Vulnerabilities are patched in software all the time, and for the most serious ones, researchers work to build proof-of-concept (POC) exploits for them. As defenders, we need to continuously monitor when new public exploits drop, figure out how they work, and ensure we’re protected against them. Recently, Microsoft announced CVE-2020-1472. Your task is to locate a public exploit for it and identify the vulnerable function that the POCs call. The flag will be the function’s name.
CVE-2020-1472, a.k.a “ZeroLogon”, was given a CVSS score of 10 and allows an attacker to gain Domain Admin rights on a vulnerable domain controller using the Netlogon Remote Protocol.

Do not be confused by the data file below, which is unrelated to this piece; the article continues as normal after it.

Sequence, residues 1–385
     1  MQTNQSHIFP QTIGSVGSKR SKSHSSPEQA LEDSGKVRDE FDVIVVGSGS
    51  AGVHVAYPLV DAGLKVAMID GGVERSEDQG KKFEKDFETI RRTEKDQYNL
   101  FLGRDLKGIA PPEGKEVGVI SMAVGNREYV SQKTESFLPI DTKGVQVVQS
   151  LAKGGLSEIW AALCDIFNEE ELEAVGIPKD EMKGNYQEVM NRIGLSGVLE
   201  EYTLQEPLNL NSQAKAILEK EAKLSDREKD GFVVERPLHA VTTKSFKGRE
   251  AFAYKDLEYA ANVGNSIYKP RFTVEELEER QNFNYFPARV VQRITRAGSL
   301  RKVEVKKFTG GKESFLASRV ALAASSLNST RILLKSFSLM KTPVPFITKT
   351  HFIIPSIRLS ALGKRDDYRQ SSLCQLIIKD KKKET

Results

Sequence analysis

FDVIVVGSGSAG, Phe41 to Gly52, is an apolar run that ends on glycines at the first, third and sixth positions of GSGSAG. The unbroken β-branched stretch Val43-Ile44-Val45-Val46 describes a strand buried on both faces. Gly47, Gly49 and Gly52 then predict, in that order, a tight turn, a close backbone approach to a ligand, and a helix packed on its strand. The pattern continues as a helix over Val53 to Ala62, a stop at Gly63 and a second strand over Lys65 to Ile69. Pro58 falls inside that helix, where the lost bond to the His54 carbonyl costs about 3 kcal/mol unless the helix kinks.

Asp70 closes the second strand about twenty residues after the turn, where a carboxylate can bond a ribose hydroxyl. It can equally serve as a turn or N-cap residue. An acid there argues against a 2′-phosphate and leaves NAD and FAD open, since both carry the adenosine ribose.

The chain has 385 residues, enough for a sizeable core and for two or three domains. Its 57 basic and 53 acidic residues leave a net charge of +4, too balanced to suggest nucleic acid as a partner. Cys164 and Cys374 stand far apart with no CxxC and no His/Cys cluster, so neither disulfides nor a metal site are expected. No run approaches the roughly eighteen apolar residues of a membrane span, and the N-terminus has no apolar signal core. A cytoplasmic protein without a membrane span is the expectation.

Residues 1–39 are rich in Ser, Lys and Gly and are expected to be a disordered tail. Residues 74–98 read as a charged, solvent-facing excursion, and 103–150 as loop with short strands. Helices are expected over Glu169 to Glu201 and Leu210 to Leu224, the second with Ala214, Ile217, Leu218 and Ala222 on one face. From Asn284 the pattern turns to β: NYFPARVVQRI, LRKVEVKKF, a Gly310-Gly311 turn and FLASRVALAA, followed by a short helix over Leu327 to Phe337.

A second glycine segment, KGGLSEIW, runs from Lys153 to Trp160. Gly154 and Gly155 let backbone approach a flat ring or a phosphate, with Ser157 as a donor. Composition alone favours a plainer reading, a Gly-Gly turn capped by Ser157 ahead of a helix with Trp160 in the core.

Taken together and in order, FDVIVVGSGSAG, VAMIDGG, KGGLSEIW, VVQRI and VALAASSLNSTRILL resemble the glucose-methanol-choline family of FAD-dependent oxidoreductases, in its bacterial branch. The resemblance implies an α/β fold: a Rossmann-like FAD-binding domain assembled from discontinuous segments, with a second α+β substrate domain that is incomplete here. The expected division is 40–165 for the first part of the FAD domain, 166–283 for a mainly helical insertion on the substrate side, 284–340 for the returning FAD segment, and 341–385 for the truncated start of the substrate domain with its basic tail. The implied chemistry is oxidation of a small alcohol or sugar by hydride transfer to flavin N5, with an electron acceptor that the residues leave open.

The accepted flag was,
NetrServerPasswordSet2 but I would argue that the accepted answer should have been
ComputeNetlogonCredential. The whitepaper published by Secura describes how the vulnerability is due to the improper implementation of the
ComputeNetlogonCredential function. Specifically, the whitepaper describes two versions of the function, an older 2DES scheme and newer AES scheme, and of the newer function, “…it is precisely this newer scheme in which I found the vulnerability”, whereas the call to the
NetrServerPasswordSet2 function is performed after the initial exploit.